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In a study carried out by Sticky and Censuswide for HSBC[@sticky-censuswide-student-survey-may-2022], more than half (54%) of current students said their financial situation was having a negative impact on their mental health.
The study surveyed 2,002 current and prospective university students in the UK.
Almost half of them (43%) said they felt ‘stressed’ about their money situation, while 45% said they were losing sleep thinking about money. More than a quarter of (27%) believed money worries were affecting their grades.
Only 9% of students felt secure with their money situation.
Our research showed 44% of prospective students had changed their choice of university because they were worried how much it would cost.
Many chose to stay closer to home to save money on accommodation. Being close to home was the most important factor for 30% of prospective students.
More than half (55%) of current students say they’ve cut back on spending in the past 6 months because of the higher cost of living.
Your student loan is usually paid into your bank account at the start of each term (or monthly in Scotland). But remember, that money needs to last – so think about your spending over the longer term.
You can see what you have coming in and going out by creating a budget. That can also help you see if you'll have any money left over each month. You could use our budget planning tool to help. Keep your budget on track by looking for ways to reduce your outgoings.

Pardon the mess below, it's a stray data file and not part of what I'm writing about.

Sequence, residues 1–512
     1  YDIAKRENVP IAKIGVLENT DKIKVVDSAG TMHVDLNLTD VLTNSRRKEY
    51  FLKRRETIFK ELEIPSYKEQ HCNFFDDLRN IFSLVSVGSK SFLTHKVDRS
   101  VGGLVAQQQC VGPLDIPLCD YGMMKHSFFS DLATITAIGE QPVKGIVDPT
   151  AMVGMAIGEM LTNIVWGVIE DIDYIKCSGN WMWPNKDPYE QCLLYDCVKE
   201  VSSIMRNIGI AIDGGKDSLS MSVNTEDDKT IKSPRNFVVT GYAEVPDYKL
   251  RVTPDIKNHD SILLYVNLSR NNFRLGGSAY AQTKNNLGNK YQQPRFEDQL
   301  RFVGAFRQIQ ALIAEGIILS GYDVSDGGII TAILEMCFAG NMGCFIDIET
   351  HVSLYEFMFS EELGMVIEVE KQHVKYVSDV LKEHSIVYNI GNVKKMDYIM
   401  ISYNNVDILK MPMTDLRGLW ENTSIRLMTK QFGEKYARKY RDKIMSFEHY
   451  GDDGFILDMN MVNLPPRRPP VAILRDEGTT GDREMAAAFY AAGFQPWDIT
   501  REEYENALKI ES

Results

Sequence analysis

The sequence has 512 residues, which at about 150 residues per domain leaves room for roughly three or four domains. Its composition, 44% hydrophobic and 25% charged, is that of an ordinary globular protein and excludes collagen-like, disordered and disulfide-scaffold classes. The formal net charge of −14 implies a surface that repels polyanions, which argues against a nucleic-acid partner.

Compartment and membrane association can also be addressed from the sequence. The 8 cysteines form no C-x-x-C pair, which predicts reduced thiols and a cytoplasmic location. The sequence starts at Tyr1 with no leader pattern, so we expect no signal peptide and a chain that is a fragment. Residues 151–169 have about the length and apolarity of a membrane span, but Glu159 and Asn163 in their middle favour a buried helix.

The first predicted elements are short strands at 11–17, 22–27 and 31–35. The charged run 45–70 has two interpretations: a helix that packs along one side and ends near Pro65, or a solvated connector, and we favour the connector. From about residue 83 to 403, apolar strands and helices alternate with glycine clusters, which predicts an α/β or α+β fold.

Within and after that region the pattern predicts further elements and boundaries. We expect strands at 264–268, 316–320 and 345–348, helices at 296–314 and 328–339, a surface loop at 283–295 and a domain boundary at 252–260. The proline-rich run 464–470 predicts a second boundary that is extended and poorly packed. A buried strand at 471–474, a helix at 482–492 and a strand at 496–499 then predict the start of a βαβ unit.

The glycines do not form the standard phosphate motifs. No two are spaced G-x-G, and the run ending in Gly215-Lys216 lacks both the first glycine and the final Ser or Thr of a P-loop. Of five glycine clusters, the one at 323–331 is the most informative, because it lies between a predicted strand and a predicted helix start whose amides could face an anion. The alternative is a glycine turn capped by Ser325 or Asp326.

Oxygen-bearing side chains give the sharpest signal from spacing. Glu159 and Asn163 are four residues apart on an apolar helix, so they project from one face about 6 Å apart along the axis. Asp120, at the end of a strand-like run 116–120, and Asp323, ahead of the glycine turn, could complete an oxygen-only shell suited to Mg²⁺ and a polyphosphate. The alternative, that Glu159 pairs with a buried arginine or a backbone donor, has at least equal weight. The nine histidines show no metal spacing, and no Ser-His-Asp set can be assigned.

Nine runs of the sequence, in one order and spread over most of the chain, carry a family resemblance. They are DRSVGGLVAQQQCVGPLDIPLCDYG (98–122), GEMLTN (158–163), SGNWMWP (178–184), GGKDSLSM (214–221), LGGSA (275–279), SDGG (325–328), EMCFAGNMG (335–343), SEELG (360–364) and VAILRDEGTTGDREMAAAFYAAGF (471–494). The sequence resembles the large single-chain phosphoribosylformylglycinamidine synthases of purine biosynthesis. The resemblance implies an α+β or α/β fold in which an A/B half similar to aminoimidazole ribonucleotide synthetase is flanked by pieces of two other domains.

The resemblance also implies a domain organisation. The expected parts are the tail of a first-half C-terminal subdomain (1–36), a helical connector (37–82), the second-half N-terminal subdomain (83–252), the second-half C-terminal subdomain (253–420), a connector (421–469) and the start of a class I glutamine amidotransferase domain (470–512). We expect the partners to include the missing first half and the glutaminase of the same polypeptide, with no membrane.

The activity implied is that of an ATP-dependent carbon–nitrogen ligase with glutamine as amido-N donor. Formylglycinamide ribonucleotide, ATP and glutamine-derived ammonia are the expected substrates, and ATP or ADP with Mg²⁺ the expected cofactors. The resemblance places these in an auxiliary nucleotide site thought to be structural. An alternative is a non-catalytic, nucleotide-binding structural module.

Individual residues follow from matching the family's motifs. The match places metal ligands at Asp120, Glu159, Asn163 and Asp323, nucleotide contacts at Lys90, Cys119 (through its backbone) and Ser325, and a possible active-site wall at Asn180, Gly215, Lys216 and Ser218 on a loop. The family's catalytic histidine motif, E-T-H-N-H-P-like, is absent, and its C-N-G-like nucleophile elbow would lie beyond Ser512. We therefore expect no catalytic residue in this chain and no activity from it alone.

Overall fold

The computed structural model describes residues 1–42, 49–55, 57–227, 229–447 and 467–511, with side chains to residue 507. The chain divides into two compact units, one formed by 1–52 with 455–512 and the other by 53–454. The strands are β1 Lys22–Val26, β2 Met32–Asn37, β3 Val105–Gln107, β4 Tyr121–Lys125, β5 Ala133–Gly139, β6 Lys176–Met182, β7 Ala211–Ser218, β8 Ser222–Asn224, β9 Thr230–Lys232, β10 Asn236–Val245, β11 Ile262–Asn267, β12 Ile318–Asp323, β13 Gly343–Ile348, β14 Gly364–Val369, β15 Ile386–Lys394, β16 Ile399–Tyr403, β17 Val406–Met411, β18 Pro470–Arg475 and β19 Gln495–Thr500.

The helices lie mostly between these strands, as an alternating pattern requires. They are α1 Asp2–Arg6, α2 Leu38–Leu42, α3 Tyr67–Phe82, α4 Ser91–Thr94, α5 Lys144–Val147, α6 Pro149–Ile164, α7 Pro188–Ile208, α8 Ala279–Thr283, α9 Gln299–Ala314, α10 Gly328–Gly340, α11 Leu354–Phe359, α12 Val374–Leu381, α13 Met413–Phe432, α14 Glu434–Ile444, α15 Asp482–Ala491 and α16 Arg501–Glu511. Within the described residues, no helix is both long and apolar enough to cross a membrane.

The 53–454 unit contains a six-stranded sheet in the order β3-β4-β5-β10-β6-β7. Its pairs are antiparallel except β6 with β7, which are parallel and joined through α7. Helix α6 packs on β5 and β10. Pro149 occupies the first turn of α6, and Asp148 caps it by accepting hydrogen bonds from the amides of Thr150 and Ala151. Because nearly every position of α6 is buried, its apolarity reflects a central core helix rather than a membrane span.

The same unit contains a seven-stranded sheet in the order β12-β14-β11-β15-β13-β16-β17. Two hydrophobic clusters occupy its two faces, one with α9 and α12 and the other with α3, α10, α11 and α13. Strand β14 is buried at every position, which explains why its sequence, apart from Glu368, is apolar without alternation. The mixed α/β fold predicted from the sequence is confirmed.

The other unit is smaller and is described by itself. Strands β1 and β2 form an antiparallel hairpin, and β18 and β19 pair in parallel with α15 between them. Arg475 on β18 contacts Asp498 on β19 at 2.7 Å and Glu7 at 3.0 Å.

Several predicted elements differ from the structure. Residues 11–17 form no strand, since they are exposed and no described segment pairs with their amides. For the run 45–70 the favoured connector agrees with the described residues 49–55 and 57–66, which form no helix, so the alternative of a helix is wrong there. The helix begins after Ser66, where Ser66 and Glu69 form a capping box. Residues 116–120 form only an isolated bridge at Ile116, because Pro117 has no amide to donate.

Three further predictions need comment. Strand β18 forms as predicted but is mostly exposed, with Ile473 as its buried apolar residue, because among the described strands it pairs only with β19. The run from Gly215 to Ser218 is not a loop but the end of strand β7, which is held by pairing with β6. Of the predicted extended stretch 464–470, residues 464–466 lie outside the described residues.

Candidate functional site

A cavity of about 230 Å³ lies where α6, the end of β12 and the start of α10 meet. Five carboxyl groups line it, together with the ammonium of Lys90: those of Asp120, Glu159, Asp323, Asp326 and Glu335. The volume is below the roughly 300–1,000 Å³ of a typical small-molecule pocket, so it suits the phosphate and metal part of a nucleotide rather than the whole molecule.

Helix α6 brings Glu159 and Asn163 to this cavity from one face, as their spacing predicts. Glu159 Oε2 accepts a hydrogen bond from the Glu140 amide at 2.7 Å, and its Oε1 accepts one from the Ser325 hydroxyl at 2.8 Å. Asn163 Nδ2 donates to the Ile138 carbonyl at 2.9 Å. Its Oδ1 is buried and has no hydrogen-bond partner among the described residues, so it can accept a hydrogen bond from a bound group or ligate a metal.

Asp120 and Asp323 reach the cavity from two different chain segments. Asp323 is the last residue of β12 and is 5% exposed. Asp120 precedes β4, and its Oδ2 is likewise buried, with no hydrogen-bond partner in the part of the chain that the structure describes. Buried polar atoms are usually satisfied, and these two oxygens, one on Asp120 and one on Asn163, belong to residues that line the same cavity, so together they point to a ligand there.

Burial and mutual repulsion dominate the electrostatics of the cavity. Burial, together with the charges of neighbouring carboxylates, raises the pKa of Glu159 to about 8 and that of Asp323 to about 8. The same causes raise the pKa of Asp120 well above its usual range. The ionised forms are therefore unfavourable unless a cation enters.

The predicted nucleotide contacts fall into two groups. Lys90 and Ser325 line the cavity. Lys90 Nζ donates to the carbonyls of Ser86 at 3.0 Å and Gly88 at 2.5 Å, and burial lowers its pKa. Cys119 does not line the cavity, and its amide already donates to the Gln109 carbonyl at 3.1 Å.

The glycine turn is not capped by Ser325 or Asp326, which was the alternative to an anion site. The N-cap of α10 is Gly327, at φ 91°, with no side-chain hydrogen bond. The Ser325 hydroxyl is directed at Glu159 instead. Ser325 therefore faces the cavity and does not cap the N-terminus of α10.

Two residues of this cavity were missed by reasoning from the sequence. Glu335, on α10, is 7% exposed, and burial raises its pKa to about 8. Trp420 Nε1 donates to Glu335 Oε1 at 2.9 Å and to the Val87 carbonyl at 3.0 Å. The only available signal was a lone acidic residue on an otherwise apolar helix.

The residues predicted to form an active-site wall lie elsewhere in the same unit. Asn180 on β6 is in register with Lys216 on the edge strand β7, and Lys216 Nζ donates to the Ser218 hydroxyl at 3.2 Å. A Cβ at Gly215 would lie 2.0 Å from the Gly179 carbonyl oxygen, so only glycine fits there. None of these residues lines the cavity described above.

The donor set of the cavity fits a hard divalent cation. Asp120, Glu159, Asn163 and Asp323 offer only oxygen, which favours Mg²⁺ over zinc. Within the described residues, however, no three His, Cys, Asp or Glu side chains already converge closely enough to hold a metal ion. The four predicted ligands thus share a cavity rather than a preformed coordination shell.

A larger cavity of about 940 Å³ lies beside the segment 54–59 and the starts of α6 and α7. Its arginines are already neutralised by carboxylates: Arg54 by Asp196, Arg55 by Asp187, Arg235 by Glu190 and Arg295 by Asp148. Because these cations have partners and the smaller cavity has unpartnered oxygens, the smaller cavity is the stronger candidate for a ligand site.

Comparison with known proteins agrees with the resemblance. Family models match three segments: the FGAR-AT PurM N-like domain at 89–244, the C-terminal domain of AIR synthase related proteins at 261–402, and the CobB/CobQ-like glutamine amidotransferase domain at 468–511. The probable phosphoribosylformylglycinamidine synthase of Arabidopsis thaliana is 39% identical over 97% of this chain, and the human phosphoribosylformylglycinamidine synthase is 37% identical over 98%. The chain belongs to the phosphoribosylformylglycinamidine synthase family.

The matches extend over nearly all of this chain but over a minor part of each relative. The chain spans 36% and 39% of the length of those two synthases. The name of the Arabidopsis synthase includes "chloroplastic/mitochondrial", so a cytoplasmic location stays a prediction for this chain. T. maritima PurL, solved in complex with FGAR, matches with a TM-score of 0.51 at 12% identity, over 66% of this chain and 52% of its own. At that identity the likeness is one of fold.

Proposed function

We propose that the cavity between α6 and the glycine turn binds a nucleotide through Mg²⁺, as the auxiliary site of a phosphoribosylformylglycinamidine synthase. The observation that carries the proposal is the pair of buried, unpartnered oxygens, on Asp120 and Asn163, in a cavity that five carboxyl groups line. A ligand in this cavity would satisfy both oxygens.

Explore: How to budget as a student
Choosing the right account for your time at university can help you make the most of your money. Your choice might depend on whether you want student overdrafts, perks or credit cards, for example. If you get a student bank account, they usually offer incentives, such as vouchers, railcards, and cash rewards for opening them.
Find out more about student banking and what to look for.
Money management tools can help make budgeting a whole lot easier.
If you're an HSBC customer, you can get a clear view of your finances and make payments through the HSBC UK Mobile Banking app.
You can get notifications whenever you
If you feel stressed and anxious about money, you’re not alone. Here are some ways you can get help.
A third of those who took part in our survey (34%) felt like they couldn’t open up about their financial situation. Although it can feel awkward sometimes, talking about money can help take the weight off your mind. Try talking to someone you trust, such as a partner, family member or friend.
Explore: How to talk about money
Your students’ union can also help with any questions or worries you might have, including money matters. Student advisers are there to listen and can offer free and confidential help.
If you’re with HSBC and you’re worried about money, we can help.
For example, if you're anxious about your student overdraft or missing a credit card or loan repayment, call our team of specialists on 0800 085 2482.
Lines are open:
08:00 to 18:00, Monday to Friday
08:00 to 16:00, Saturday
Please note, lines aren’t open Christmas Day, Boxing Day and New Year's Day. We accept calls via Text Relay. To help us improve our service, and in the interests of security, we may monitor or record your call.
If you think your mental health could be affecting the way you manage your money, there’s a range of services available. We also have broader accessibility support. And you might find this guidance useful if you’re feeling anxious about your finances.
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